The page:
Proud History of a Fighting Race
Byline: BILLY KENNEDY
News Letter journalist BILLY KENNEDY, author of eight books on the Scots-Irish (Ulster-Scots) in America, reviews a powerful book just released in the United States, which complements his own work and detailed research on the subject over the past decade
JAMES WEBB, distinguished Vietnam war marine and a Defense and Navy Secretary in the United States administration of President Ronald Reagan in the 1980s, is a man with a mission.
He is intensely proud of his Scots-Irish (Ulster-Scots) roots in Virginia, Kentucky and Missouri and says he is determined to reclaim the dignity of these people - "for themselves, and for America. It's long overdue."
Mr Webb has been down the remains of the Great Wagon and Wilderness Roads to retrace his heritage and says it is in the Appalachians Mountains that "my people", the Scots-Irish, settled after leaving Ireland and the north of Britain in the 18th century.
"They tamed the wilderness, building simple log cabins and scraping corn patches in thin soil. And they pressed onward, creating a way of life that many would come to call, if not America, the defining fabric of the South and the mid-West, as well as the core character of the nation's working class," he said.
Mr Webb travels off the main highway in Virginia to seek out Alley Hollow. His Scots-Irish greatgreat grandparents are buried there in a rough patch of woods on top of a nearby mountain.
He said: "Like many others, these ancestors have only rocks for headstones. I worry that, when my generation dies, their heritage will be lost just as completely - buried under the avalanche of stories that have on occasion ridiculed my people and trivialised their journey. "They came with nothing and, for a complicated set of reasons, many of them still have nothing. Slurs stick to me, standing on these graves.
"These people are too often misconstrued and ignored when America's history is told. They did great things. And, in truth, the Scots-Irish (sometimes called the Scotch-Irish) are a force that still shapes our culture."
He says the Scots-Irish brought with them a strong, bottom-up individualism, largely inventing America's unique populist- style democracy.
"They gave us at least a dozen Presidents, beginning with Andrew Jackson and including Chester Alan Arthur, Ulysses S Grant, Theodore Roosevelt, Woodrow Wilson and Ronald Reagan - through his mother.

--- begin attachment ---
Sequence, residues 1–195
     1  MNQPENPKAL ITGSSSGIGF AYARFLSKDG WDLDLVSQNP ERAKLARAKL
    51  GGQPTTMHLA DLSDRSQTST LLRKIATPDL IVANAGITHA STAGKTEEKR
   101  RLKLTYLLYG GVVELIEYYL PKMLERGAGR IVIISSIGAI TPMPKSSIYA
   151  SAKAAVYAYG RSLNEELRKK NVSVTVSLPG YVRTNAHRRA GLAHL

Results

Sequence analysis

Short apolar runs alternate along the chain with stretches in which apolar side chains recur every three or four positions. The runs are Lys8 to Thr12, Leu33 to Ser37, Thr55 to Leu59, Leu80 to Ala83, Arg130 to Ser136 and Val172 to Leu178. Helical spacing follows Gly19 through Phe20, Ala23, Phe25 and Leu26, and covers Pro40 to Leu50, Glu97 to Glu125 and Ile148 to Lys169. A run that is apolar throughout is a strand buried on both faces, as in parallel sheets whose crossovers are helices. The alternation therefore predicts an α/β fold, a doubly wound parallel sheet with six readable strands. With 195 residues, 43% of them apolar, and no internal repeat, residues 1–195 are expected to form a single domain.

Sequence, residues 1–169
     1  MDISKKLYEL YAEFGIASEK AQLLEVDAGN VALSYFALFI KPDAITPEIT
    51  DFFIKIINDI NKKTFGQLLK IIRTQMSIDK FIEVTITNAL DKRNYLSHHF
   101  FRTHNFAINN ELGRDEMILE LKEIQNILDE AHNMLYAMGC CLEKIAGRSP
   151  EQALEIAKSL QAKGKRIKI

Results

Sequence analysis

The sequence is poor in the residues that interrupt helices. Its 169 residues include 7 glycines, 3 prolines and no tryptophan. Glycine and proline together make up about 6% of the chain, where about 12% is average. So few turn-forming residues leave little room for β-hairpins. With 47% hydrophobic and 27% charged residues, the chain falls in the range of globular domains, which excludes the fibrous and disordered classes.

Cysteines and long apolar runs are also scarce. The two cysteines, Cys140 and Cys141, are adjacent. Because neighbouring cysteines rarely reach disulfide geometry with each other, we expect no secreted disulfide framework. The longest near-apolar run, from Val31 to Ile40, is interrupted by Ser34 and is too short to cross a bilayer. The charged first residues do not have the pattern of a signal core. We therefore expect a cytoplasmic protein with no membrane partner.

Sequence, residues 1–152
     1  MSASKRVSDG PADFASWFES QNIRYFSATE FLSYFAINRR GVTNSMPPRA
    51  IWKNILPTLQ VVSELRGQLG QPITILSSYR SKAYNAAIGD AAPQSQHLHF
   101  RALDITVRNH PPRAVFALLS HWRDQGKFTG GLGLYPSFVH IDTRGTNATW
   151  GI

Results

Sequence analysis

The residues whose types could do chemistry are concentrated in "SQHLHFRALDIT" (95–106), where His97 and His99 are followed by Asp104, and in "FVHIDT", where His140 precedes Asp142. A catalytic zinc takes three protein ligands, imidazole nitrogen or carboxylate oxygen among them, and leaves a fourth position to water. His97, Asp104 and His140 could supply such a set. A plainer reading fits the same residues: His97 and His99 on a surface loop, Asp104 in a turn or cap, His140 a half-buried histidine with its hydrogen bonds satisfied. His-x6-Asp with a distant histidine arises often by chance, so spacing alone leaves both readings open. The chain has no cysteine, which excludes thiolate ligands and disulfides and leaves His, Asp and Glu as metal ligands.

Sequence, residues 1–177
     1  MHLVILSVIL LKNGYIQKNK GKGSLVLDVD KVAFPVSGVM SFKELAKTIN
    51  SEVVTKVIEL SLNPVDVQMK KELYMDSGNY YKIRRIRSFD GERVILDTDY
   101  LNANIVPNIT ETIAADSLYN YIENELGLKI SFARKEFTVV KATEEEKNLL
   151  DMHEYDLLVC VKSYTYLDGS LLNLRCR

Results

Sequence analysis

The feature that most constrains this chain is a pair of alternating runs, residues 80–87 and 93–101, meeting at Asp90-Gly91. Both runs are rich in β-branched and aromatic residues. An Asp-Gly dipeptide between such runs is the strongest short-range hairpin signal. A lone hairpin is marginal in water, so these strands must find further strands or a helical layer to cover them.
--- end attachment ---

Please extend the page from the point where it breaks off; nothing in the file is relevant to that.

"Their unique soldierly traditions formed the backbone of the country's military, particularly in the army and Marine Corps. In the Civil War, they formed the bulk of the Confederate army and a good part of the Union army as well. In the later wars, they provided many of our greatest generals and soldiers.
"Thomas Jonathan 'Stonewall' Jackson comes to mind, as do Ulysses S Grant, George S Patton, and a slew of army chiefs of staff and Marine Corps commandants.
"Not to mention Sergeant Alvin York, hero of World War One from Tennessee; Audie Murphy, the most decorated soldier of World War Two, and David Hackworth, one of America's most decorated veterans of Korea and Vietnam.
"The intense competitiveness that makes them good soldiers also produced a legion of memorable athletes, business leaders and even such American pastimes as NASCAR racing - which evolved from the exploits of the daring moonshine runners of the Appalachian Mountains during the prohibition years of the late 1920s. "They created and still dominate country music. Dolly Parton and Reba McEntire are Scots-Irish - which, along with jazz and soul, is one of the truly American musical forms. They gave us so many brilliant writers - Mark Twain, the lion among them; Horace Greely, Edgar Allan Poe and Margaret Mitchell not far behind, and Larry Mc-Murtry, a good honourable mention - that their style of folklore became one of the truest American art forms. …